flawed systems have spoiled ballots even after they were cast.
The worst of these systems has been
the punch card ballot. Derived from technology used to tabulate the U.S.
of 1890, these system had problems even then, and as the recent snafu
Beach country demonstrated, they haven't improved much.
In 1986, the respected John and Mary R. Markle Foundation
approached the National Institute of Standards and Technology to
learn more about the errors generated by such systems. The 1988 NIST
recommended the elimination of such punch card systems, particularly
"pre-scored" (partially cut) ballot cards, citing inaccurate voting
resulted from their use. A few years earlier the state of Illinois had
its electro-mechanical tabulation systems and found that 28% of them generated tabulation errors.
The consequences of such errors can be severe.
In October of 1995 the voters of
Quebec went to the polls to vote on whether to secede from the rest of
The "no" votes won by a razor-thin margin of only 1.12% or 52,488 votes.
Unfortunately, there were more than 86,000 "spoiled ballots"
election, nearly half again the margin in the election!
In a recent primary election in
the state of Hawaii, more than
9,300 votes were spoiled by bad equipment.
Thousands more had their ballots kicked back or damaged and had to
revote, sometimes several times. In 1998, the spoilage rate was even
high enough to require a state-wide recount, even though most races
In Peruvian elections a few
years back, poorly maintained punch card systems were partially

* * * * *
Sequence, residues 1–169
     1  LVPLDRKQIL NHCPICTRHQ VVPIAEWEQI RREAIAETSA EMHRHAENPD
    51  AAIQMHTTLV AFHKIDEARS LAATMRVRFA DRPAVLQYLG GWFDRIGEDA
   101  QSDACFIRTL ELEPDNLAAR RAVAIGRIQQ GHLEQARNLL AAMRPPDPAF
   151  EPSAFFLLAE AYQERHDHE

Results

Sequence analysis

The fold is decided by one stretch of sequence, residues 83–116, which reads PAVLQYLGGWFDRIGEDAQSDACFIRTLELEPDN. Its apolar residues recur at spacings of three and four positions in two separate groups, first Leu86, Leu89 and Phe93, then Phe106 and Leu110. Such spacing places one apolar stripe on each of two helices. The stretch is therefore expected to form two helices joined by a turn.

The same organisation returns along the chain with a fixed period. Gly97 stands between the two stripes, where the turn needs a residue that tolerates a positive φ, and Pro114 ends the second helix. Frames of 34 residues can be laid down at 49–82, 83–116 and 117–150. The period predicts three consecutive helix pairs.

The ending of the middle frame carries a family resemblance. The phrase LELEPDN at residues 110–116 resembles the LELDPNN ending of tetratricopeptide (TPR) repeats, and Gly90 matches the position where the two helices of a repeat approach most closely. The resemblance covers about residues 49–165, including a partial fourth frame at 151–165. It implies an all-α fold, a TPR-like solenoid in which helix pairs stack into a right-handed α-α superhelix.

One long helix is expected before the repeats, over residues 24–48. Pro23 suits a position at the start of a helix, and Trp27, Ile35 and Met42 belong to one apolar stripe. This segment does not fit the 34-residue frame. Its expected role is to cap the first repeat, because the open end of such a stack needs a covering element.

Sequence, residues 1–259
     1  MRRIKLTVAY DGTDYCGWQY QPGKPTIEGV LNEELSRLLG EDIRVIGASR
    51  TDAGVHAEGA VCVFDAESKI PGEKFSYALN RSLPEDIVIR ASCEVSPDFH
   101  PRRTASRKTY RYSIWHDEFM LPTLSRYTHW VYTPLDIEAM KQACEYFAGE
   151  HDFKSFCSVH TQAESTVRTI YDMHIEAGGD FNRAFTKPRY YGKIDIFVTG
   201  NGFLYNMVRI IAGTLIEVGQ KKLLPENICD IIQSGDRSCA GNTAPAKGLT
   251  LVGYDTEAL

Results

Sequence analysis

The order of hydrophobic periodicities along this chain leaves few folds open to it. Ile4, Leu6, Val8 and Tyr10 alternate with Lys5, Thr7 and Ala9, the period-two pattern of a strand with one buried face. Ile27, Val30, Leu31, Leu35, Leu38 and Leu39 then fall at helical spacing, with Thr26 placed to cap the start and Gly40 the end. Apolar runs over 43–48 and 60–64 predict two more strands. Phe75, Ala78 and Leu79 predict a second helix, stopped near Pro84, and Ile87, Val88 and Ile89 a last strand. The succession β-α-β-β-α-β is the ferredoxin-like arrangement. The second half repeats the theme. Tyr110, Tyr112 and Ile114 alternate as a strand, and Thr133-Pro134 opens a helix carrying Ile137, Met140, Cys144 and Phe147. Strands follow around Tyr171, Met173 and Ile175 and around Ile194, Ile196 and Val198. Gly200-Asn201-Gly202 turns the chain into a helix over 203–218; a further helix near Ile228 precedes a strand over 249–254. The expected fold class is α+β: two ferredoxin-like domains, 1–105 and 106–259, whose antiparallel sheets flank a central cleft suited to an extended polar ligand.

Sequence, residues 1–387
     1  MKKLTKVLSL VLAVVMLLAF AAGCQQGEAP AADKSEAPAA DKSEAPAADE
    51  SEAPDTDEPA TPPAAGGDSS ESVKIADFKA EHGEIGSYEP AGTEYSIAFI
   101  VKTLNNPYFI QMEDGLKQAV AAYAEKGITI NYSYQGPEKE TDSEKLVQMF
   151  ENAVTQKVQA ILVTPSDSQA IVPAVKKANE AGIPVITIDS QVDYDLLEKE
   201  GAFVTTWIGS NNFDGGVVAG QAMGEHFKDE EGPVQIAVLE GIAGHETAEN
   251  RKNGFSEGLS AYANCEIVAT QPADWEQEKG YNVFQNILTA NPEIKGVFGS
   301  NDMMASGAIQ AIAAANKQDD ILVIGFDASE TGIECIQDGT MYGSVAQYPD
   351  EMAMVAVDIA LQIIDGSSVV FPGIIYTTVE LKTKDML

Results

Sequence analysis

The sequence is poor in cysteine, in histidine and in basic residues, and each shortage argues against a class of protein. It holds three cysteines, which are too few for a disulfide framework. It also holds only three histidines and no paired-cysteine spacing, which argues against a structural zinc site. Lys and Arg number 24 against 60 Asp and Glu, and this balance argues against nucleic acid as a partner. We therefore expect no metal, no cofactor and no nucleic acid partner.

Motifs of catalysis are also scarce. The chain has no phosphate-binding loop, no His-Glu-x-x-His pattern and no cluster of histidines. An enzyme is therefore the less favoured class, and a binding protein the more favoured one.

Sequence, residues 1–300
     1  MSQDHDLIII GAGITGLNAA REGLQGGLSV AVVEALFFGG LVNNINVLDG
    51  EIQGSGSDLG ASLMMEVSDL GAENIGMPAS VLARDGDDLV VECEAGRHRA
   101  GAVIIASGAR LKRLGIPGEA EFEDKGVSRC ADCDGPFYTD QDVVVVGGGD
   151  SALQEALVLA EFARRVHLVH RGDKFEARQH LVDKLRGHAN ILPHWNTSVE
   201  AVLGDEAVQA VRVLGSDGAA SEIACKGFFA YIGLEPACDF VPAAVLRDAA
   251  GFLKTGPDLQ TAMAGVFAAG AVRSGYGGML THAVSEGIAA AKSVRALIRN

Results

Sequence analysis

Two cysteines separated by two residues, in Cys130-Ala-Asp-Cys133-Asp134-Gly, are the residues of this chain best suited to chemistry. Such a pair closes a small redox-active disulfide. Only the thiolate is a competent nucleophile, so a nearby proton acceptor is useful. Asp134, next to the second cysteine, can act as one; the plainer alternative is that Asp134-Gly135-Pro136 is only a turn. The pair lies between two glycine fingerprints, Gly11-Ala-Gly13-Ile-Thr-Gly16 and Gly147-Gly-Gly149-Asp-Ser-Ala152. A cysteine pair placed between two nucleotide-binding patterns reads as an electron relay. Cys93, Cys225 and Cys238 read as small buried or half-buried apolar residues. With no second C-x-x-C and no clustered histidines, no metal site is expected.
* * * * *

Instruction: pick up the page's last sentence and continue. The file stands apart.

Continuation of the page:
a ballot spoilage rate of that approached 6%. The result contributed
an international incident.
The U.S. State Department cited the antique vote counting systems used by
Peruvian officials as one of their many reasons to denounce the
election. "We do not
see the election as being valid... No president
emerging from such a flawed process can claim legitimacy."
In a 20-year-old study, investigators
found that one in 20 Ohioans accidentally invalidated their vote
because they "over-voted" in the gubernatorial election. Voters either
or nicked more than one punch hole, or an extra tab simply fell out on
during the tabulation process. In Cincinnati, attempts by election
clean up bad punch cards with tweezers after the 1985 election caused a
small but memorable
Improperly punched cards are only part of
the problem. Another can be poorly made, imprecise cards. In
Carolina, Duplin County election officials found that the punch card
didn't line up properly with candidate names so elections director
Futrell sent them back. The second batch was no better. "The third
got it right," said Futrell. North Carolina, like many states (like
Florida!) uses a hodgepodge
of systems, and spoiled ballot percentages that vary accordingly,
damaging the credibility of close votes.
So what happens if you are a
local official in a close race being decided by punch card ballots? You
lots of money and wait. A
local coroner's race in Missouri took over two years to resolve,
bankrupting the two major contestants.
Government officials outside the
United States have been vigilant about ballot spoilage, particularly in close
In a Toronto city
election during the mid-'80s, the spoilage rate amounted to
than 1%, but the margins in several minor races that year were less
third of that spoilage rate. Although in most districts no races were
the city went ahead with a comprehensive recount of all ballots across
city. Election officials explained their action as an attempt to audit what had
wrong with the count.
No amount of vigilance is a substitute for a better system, however.
Most people assume that better system should be computer-based.
The ACM developed a suggested
set of Characteristics
of a Good Electronic Voting System some years back. Many of the
systems being offered lack significant numbers of those
One commercial developer of
electronic voting machines, Microvote,
has developed a system it calls "Infinity Voting Panels." These
used in a number of general elections in the United States this year.